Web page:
A Syrian scientist stricken with cancer and seeking a new start for his family in Michigan will represent Syrian refugees as a guest of first lady Michelle Obama for the president’s final State of the Union address, Washington (AP).
President Barack Obama has committed to accepting an additional 10,000 Syrian refugees, but some Republican lawmakers and presidential candidates are critical of the expansion. Republican presidential candidate Ted Cruz, for example, noted the recent arrest of two Iraqi refugees. During an interview with CNN that aired Sunday, Cruz emphasized that they came to the United States “using the same vetting that President Obama wants us to trust with Syrian refugees.”
Refaai Hamo, his son and three daughters landed at Detroit Metropolitan Airport in December, anxious to rebuild their lives. Hamo fled to Turkey from Syria after a missile attack killed his wife and one other daughter. He was profiled on the popular photo blog Humans of New York as “The Scientist.”
The White House said Sunday that Hamo will be among about two dozen guests invited to sit near the first lady on Tuesday. The guests include several veterans and service members, including one of the three Americans who thwarted an attack aboard a Paris-bound train.
Those on the guest list will highlight issues that Obama has attempted to prioritize during his tenure, such as expanded health insurance coverage, and issues that he hopes to work on during his final year, such as criminal justice. The guest list includes a California man whose partner was killed in the San Bernardino attack, the first female Army Reserve officer to graduate from the Army’s elite Ranger School and a plaintiff in the landmark Supreme Court case that found same-sex couples have a constitutional right to marry. One seat will be empty, to represent the victims of gun violence.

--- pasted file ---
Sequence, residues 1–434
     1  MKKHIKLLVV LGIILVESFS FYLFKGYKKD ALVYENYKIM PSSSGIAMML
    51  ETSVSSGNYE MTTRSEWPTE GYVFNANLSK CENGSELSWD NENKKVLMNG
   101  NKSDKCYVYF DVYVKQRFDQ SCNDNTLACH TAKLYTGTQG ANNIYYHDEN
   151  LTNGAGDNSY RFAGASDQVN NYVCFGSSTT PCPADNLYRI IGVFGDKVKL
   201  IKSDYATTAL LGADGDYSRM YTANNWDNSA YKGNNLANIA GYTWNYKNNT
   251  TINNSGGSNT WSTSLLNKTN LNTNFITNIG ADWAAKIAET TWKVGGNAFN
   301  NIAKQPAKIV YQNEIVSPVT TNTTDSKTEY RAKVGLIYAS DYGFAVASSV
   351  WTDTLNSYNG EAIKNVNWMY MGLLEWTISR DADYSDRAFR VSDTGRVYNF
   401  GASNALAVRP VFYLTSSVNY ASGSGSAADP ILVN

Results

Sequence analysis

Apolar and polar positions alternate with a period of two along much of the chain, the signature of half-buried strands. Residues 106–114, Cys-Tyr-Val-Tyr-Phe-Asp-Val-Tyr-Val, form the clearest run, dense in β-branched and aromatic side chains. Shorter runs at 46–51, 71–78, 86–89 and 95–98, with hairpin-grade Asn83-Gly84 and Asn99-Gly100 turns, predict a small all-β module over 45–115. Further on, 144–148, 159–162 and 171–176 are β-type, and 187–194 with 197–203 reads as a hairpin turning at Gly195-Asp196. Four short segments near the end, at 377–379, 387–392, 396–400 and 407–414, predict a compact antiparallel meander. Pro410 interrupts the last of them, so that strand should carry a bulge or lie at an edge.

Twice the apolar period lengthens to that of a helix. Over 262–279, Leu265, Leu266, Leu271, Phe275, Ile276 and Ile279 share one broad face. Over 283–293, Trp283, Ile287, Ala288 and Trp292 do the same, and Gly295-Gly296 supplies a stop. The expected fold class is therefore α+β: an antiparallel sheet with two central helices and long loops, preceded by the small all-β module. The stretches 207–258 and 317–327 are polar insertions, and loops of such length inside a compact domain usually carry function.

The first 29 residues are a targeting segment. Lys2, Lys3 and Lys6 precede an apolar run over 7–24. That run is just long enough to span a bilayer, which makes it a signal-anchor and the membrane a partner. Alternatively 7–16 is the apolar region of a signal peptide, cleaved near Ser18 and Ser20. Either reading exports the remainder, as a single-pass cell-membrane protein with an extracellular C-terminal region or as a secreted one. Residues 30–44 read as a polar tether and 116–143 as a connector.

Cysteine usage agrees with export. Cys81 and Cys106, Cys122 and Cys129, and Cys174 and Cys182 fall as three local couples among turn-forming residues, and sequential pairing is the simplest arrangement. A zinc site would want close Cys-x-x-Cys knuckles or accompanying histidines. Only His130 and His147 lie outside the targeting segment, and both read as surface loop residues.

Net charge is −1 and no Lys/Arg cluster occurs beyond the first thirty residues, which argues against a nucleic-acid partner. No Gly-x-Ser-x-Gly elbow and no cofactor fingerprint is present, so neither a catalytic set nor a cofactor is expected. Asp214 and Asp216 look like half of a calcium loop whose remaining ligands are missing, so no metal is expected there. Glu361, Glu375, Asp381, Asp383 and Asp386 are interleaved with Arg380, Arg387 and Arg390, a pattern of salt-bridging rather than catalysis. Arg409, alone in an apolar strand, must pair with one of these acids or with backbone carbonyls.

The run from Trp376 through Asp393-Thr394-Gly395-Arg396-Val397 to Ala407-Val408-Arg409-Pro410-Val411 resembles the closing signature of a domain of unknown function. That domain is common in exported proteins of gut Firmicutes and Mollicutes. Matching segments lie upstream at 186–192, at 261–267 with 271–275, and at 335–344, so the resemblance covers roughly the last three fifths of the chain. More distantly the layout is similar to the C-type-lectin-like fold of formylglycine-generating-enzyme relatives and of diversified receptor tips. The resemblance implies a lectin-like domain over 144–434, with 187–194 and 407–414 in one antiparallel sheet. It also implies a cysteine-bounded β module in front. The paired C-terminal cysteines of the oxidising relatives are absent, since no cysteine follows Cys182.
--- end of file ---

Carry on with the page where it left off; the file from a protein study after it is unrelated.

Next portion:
Obama read about Hamo’s story last month. His cancer had gone untreated because he lacked health insurance. More than $450,000 for the family was raised through an online fundraising campaign actor Ed Norton had set up for them. The White House described Hamo as living the kind of life in Syria that is associated with the American dream. He married his college sweetheart, and they built a life together before a missile tore through the complex he helped design and where his family lived.
Obama told Hamo through a Facebook posting that, “Yes, you can still make a difference in the world, and we’re proud that you’ll pursue your dreams here. Welcome to your new home. You’re part of what makes America great.”
Also invited were:
— Sue Ellen Allen of Scottsdale Arizona, co-founder of a nonprofit that helps former prisoners re-enter society.
— Gloria Balenski of Schaumburg, Illinois, a woman who lost her job during the recession and whose husband was in danger of losing his job at an auto manufacturer. The couple wrote a letter to the president thanking him for economic priorities he pursued during the recession.
— Jennifer Bragdon of Austin, Texas, a woman attending junior college in hopes of becoming a teacher.